if  old_numer=old_origin_numer
   and old_denom=old_origin_denom then
      return new_origin_numer;
   end if;
   -- case: zoom in or zoom out
   if old_origin_denom < new_origin_denom then
      zoom_factor := new_origin_denom/old_origin_denom;
      -- Subtract old - old_origin first, then multiply
      -- Certainly, old_denom > old_origin_denom
      ret_num := old_numer - old_origin_numer*
                           old_denom /old_origin_denom;
      ret_den := old_denom*zoom_factor;
   else
      zoom_factor := old_origin_denom/new_origin_denom;
      ret_num := (old_numer - old_origin_numer*
               old_denom/old_origin_denom)*zoom_factor;
      ret_den := old_denom;
   end if;
   ret_num := normalize_numer(ret_num, ret_den);
   ret_den := normalize_denom(ret_num, ret_den); 
   -- apriori we don't know if ret_denom is larger
   -- than new_origin_denom or not
   if ret_den < new_origin_denom then
      ret_num := new_origin_numer +
                 ret_num*new_origin_denom/ret_den;
      ret_den := new_origin_denom;
   else
      ret_num := new_origin_numer*
                 ret_den/new_origin_denom + ret_num;
      ret_den := ret_den;
   end if;
   ret_num := normalize_numer(ret_num, ret_den);
   ret_den := normalize_denom(ret_num, ret_den); 
   RETURN ret_num;
END;

function new_denom( old_numer        integer
                    old_denom        integer,
                    old_origin_numer integer
                    old_origin_denom integer,
                    new_origin_numer integer,
                    new_origin_denom integer )
RETURN integer IS
   ret_num integer;
   ret_den integer;
   zoom_factor integer;
BEGIN
...
   return new_origin_denom;
...
   RETURN ret_den;
END;

Warm-up testing:

select new_numer(27,16, 3,2, 3,4)
||'/'||new_denom(27,16, 3,2, 3,4) from dual
27/32

select new_numer(27,16, 7,4, 3,4)
||'/'||new_denom(27,16, 7,4, 3,4) from dual
11/16

The Final Test

We move all subhierarchy under “BLAKE” into “MILLER” as follows:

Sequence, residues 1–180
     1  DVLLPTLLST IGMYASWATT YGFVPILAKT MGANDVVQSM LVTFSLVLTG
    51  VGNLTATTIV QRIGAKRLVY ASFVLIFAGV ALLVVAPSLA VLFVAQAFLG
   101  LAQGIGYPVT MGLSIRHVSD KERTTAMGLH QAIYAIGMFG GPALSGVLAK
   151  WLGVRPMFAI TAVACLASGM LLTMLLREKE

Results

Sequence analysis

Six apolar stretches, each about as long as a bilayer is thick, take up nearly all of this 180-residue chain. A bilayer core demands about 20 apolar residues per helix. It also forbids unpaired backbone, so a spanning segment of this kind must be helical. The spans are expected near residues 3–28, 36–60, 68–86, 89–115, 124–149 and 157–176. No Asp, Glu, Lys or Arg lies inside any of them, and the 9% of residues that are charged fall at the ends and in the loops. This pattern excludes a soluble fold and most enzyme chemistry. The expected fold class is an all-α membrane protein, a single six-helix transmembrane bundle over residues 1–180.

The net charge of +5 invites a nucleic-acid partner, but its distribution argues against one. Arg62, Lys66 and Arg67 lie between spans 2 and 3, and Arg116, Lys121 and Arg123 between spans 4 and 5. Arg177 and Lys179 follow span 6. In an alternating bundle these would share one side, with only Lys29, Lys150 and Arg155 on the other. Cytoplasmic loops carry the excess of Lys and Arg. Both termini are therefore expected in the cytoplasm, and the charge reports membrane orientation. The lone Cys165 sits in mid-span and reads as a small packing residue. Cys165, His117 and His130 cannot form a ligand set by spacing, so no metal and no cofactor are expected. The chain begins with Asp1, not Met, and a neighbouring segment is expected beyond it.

update emps
set numer = new_numer(numer,denom,
                      11,8,
                      child_numer(39,32,1),
                      child_denom(39,32,1))
,   denom = new_denom(numer,denom,
                      11,8,
                      child_numer(39,32,1),
                      child_denom(39,32,1))
where distance(numer,denom, 11,8)>=0

5 rows updated.

The idea is to find the first child of MILLER, which is labeled as child_numer(39,32,1)/child_denom(39,32,1), and move all the nodes reachable from BLAKE (labeled as 11/8) into the new position.

The resulting hierarchy:

select lpad(' ',3*depth)||name, path, numer ||'/'|| denom
from hierarchy order by numer_left/denom_left

lpad(' ',3*dept path            numer ||'/
--------------- --------------- ----------
KING            .1              3/2
   CLARK        .1.3            19/16
      MILLER    .1.3.1          39/32
         BLAKE  .1.3.1.1        79 64
            TUR .1.3.1.1.4      1251/1024
            MAR .1.3.1.1.3      627/512
            WAR .1.3.1.1.2      315/256
            ALL .1.3.1.1.1      159/128  
   JONES        .1.1            7/4
      FORD      .1.1.2          27/16
         SMITH  .1.1.2.1        55/32
      SCOTT     .1.1.1          15/8
         ADAMS  .1.1.1.1        31/16

Acknowledgments

Many thanks to Robin Tucker who posted the problem at comp.databases.theory usenet group and triggered this follow-up article.

--

Vadim Tropashko works for Real World Performance group at Oracle Corp. In prior life he was application programmer and translated "The C++ Programming Language" by B.Stroustrup, 2nd edition into Russian. His current interests include SQL Optimization, Constraint Databases, and Computer Algebra Systems.


Contributors : Vadim Tropashko, Robin Tucker
Last modified 2005-04-19 08:33 AM